By: Suzanne Wesley
Who are the primary readers of your writing? Can you picture a single ideal person reading your article or book, as you are involved in the writing process? If you just answered ‘anyone who can read’ to either of those questions … you should reconsider a narrower primary target. There will be other readers whom you will reach outside of this primary target, but in order for you to effectively market your writing, you need to know where and how to reach the people who would be ‘most’ affected by what you have written.
It is much easier to market to a woman, with small children, age 25-35, who rarely has time to read if you are targeting her specifically (and repeatedly) in publications, stores, or internet advertising that is targeted to catch her attention – than to expect her to catch something that is in the New York Times or even on the national, or local news for only a day. Once you know your target reader, you can investigate primary methods to communicate with that person. If you create a postcard regarding your book, where are you going to leave it behind that your primary readership would see it (pediatrician offices, day cares, children’s music or gym classes)? If you are going to place an ad, what types of media does your reader have time for? What are her other interests? Is she easier to reach on-line, or would she have the free time to read a parenting magazine cover to cover?
Incidentally, knowing your reader better might also indicate that a postcard would be the exact wrong method to reach your ideal reader. Maybe she would be more tech savvy and online ads, forum posts, or forwarded messages from friends in her book club would be the better method to reach her? FaceBook or Twitter contests encouraging friend referrals etc. might also bring you a much higher rate of return with a tech savvy readership.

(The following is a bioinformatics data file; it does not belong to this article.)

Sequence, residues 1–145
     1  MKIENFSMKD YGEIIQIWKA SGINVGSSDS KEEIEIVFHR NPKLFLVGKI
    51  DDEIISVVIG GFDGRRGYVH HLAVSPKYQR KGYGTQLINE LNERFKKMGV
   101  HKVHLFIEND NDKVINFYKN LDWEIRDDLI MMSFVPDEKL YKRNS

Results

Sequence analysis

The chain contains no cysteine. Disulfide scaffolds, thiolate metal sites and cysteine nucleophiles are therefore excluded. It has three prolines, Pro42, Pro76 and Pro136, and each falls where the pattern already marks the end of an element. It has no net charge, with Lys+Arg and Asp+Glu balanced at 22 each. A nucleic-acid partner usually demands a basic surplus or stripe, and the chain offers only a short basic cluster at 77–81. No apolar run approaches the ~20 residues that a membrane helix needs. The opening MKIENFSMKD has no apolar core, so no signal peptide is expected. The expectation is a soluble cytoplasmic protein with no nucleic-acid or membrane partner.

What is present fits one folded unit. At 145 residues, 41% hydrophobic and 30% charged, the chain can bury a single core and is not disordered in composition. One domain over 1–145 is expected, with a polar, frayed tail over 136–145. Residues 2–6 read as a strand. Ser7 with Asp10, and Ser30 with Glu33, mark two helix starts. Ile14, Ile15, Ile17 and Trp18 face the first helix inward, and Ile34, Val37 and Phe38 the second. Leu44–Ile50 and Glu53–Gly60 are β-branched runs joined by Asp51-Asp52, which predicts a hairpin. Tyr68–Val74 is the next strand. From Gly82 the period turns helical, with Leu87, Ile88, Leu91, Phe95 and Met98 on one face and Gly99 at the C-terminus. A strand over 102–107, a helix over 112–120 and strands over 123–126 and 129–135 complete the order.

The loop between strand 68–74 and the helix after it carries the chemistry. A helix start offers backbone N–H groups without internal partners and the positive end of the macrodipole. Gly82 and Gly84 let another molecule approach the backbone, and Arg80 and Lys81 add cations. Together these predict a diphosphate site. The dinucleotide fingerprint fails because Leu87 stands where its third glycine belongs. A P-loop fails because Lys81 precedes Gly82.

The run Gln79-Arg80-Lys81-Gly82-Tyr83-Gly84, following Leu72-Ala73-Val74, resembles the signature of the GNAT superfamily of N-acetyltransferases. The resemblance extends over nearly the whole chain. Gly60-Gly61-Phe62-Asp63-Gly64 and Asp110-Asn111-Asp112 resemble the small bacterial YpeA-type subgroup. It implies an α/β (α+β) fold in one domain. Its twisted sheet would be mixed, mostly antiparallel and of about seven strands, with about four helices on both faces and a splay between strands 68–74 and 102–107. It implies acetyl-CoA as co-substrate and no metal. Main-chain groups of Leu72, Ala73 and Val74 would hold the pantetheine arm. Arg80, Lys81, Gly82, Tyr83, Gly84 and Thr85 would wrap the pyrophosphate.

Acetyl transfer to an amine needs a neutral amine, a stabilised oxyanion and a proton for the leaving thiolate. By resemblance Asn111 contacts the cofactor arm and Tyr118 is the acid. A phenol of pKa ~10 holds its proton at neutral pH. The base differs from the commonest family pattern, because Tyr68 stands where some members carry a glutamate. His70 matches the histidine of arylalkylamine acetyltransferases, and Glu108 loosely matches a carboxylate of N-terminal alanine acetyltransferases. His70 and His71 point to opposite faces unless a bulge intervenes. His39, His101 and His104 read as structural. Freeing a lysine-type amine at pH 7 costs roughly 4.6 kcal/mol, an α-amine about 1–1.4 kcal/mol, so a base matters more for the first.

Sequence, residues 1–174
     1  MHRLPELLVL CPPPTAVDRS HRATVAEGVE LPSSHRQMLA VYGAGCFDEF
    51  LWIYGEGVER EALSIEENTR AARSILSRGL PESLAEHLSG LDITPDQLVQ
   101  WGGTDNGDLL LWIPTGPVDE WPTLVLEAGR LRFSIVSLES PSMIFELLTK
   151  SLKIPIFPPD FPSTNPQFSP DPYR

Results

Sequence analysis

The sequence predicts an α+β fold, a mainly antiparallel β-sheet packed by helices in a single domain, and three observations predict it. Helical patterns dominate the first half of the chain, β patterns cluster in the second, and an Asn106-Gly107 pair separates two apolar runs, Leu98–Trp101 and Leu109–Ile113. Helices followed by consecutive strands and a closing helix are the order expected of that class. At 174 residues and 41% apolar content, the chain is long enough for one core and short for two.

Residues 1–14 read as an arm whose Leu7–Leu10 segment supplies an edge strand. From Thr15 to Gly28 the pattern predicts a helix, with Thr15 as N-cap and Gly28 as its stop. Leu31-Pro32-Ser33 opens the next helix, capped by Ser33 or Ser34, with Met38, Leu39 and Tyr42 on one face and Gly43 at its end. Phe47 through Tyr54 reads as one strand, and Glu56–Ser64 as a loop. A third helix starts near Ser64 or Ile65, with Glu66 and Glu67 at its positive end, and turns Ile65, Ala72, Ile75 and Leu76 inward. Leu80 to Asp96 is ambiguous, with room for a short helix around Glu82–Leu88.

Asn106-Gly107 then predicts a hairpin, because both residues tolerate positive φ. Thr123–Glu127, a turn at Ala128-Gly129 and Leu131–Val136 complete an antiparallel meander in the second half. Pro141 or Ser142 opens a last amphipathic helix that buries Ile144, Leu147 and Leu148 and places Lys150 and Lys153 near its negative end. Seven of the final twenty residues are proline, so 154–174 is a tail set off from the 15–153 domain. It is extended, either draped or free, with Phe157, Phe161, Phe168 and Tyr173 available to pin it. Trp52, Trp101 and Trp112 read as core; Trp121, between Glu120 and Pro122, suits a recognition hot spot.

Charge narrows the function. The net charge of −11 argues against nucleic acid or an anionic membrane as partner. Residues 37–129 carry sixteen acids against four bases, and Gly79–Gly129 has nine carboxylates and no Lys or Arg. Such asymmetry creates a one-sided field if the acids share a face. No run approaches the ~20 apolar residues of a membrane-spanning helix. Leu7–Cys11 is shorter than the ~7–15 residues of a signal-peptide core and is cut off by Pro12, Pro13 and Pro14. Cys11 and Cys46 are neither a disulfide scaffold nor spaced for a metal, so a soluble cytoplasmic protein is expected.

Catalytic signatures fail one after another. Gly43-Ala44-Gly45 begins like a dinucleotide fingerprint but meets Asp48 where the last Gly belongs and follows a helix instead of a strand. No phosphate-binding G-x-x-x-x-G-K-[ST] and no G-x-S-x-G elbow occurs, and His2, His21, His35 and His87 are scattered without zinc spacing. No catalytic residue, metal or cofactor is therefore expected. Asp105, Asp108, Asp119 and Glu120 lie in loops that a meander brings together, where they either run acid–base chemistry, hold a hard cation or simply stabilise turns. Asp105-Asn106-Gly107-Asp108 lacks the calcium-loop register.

And, this idealized female reader may only be your main target, but my point is that this primary reader may never read your message if you don’t try to specifically reach her – rather than to go about trying to reach everyone at once and hope that she is among them. Not only will targeting your writing reach people on a deeper level, but it will also make marketing your work easier for both you and your publisher (or potential publisher).
While I don’t think we should stalk our readers, we do need to understand them as well as we possibly can and know where their watering holes are ‘so-to-speak’. Where do they congregate that you can try to capture their attention with your writing – and hopefully impact their lives? (… and not tackle them for our own digestion, but hopefully aid in their refreshment! In that respect, I guess we do become a little predatory!)
Suzanne Wesley is a full-time freelance writer and graphic artist from Indiana. She has over 14 years of experience in design and corporate communications creation. She is also the mother of two preschool-aged girls who make working out of a home office very interesting. You can learn more about her work at SuzanneWesley.com.